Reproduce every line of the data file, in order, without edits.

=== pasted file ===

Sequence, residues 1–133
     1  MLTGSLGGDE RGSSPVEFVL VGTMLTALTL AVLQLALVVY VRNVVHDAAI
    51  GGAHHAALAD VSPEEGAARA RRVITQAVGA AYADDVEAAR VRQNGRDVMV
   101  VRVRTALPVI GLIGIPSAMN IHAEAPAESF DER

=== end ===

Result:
Sequence, residues 1–133
     1  MLTGSLGGDE RGSSPVEFVL VGTMLTALTL AVLQLALVVY VRNVVHDAAI
    51  GGAHHAALAD VSPEEGAARA RRVITQAVGA AYADDVEAAR VRQNGRDVMV
   101  VRVRTALPVI GLIGIPSAMN IHAEAPAESF DER